Saint Marinus

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For the saint who died in the 3rd century, see Marinus of Caesarea. For the saint sometimes known as Marinus the Monk, see Marina the Monk.
Saint Marinus
Marino als steinhauer.png
Died 366 (traditional)
Honored in
Roman Catholic Church
Major shrine Basilica of Saint Marinus
Feast September 3
Attributes depicted as a bearded layman with a stonemason's hammer; also depicted as a young deacon with a hammer; depicted serving as a deacon to Saint Leo the Great or Gaudentius of Rimini; two oxen near him.
Patronage San Marino

Saint Marinus was the founder of a chapel and monastery, in 301, from where the world's oldest surviving republic, San Marino, grew up from. Tradition holds that he was a stonemason by trade who came from the island of Rab, on the other side of the Adriatic Sea (in what is now part of modern Croatia), fleeing persecution for his Christian beliefs in the Diocletianic Persecution. He became a Deacon, and was ordained by Gaudentius, the Bishop of Rimini; later, he was accused by an insane woman of being her estranged husband, so he fled to Monte Titano to live as a hermit.[1] There he built a chapel and monastery. Marinus was canonised as a saint, and later, the State of San Marino grew up from the centre created by the monastery.[1] His feast day/memorial day is September 3, commemorating the day, in 301, when he founded what became known as San Marino, which is also the state's national holiday.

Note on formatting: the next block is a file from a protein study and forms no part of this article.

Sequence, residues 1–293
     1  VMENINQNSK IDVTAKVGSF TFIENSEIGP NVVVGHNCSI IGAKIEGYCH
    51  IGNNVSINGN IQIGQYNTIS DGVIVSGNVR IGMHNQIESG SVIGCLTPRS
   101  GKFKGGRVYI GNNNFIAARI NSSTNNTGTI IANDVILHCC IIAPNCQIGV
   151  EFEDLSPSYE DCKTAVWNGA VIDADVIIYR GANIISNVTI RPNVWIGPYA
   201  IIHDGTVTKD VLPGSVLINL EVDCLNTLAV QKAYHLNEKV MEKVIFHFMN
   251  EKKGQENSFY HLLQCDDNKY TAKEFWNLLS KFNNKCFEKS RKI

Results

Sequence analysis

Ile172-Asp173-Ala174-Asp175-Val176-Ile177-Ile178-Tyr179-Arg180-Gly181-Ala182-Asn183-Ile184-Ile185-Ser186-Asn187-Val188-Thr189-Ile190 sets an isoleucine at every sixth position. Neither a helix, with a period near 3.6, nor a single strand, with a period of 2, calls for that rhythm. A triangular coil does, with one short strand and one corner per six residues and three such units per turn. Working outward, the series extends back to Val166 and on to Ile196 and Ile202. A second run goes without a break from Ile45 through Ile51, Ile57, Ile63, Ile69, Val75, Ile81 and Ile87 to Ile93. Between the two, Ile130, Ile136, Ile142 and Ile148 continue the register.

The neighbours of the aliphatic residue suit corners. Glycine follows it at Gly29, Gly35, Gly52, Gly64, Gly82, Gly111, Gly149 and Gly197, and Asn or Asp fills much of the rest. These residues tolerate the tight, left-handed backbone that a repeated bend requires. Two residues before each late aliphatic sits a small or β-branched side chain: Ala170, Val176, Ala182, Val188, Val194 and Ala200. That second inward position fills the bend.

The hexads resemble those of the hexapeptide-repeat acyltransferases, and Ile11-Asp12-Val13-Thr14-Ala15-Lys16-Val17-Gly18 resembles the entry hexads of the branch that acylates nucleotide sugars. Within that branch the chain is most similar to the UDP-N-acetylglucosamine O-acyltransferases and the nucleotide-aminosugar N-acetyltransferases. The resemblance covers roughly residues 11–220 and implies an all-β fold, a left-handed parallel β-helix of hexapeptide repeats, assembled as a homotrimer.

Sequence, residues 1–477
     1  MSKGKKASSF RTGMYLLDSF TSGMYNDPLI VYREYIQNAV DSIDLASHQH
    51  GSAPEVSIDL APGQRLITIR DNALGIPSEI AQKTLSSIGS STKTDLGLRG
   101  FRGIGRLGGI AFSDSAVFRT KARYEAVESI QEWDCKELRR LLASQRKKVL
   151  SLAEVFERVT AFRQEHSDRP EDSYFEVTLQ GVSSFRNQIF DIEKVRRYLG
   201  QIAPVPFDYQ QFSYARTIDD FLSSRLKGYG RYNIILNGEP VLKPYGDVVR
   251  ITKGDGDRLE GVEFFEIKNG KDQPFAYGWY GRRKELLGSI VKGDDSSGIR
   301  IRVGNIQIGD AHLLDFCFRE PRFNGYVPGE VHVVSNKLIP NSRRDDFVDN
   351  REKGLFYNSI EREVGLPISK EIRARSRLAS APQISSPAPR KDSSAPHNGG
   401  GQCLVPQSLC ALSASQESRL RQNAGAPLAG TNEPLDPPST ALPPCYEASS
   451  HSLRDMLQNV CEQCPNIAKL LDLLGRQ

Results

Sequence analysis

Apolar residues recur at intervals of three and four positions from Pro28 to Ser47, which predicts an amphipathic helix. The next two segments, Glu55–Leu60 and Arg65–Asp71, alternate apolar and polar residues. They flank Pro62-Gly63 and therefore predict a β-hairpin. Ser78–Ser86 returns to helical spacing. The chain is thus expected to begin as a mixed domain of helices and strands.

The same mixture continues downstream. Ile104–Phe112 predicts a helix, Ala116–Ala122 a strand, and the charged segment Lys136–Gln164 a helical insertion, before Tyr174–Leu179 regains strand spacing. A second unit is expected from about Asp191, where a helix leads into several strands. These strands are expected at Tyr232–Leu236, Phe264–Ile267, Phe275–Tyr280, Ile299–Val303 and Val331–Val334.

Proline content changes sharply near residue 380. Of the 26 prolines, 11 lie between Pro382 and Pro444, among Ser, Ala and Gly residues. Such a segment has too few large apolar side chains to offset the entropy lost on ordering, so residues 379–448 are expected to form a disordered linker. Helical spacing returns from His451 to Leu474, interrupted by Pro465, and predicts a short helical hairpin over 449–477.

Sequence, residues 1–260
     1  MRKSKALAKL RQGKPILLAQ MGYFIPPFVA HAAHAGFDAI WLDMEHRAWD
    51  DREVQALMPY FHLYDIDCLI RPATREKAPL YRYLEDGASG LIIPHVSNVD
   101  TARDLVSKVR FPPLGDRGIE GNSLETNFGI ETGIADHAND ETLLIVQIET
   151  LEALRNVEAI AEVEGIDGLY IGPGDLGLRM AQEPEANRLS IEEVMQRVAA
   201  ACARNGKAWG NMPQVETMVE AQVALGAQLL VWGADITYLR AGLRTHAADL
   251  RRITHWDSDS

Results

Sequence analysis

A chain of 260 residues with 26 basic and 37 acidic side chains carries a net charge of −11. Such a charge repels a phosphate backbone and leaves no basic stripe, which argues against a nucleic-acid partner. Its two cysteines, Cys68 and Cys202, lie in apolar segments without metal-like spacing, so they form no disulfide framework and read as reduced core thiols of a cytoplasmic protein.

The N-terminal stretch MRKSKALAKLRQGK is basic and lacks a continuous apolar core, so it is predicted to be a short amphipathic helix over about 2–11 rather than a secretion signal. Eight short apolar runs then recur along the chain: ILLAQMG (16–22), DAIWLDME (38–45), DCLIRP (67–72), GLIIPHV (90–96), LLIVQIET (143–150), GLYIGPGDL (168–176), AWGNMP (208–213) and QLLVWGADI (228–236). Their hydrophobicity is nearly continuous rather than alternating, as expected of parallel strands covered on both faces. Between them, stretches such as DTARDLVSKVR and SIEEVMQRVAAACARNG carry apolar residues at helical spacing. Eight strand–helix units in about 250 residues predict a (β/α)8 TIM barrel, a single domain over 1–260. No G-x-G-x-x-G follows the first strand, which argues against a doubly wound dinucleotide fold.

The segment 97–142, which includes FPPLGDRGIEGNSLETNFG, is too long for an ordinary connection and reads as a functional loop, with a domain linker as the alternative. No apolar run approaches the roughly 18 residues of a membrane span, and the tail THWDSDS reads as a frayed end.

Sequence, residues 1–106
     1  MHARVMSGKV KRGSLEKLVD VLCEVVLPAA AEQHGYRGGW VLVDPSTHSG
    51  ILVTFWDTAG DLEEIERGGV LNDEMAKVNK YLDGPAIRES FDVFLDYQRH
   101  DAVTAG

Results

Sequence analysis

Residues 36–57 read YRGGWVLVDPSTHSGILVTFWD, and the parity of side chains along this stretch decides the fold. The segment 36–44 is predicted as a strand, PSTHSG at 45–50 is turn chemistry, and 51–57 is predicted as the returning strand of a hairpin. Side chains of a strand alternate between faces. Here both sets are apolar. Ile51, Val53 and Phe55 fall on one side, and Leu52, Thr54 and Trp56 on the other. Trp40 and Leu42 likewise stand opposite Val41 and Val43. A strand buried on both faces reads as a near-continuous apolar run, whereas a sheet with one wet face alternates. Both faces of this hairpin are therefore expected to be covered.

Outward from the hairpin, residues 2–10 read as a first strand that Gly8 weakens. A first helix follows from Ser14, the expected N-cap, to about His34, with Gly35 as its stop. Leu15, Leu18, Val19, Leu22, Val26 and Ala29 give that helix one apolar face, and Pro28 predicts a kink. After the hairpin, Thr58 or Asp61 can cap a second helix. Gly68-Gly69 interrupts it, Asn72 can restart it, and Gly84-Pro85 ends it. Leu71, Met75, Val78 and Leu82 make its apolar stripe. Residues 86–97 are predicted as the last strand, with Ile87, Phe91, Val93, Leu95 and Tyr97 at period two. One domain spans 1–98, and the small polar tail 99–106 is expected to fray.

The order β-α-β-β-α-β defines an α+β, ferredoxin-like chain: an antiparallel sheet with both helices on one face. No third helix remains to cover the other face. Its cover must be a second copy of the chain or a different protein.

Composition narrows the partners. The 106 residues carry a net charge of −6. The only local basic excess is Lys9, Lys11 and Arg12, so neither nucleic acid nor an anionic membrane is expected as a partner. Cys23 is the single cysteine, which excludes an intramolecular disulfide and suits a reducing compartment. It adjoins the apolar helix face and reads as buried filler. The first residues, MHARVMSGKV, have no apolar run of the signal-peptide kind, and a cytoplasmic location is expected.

According to legend, he died in the winter of 366 and his last words were: "Relinquo vos liberos ab utroque homine." ("I leave you free from both men"). This somewhat mysterious phrase is most likely to refer to the two "men" from whose oppressive power Saint Marinus had decided to separate himself, becoming a hermit on Mount Titano: respectively the Emperor and the Pope. This affirmation of freedom (first and foremost fiscal franchise) from both the Empire and the Papal States, however legendary, has always been the inspiration of the tiny republic.[2]

References[edit]

  1. ^ a b Radovan Radovinovič, The Croatian Adriatic Tourist Guide, pg. 127, Zagreb (1999), ISBN 953-178-097-8
  2. ^ "The Republic of San Marino", William Miller, The American Historical Review, Vol. 6, No. 4 (July 1901), pages 633–649

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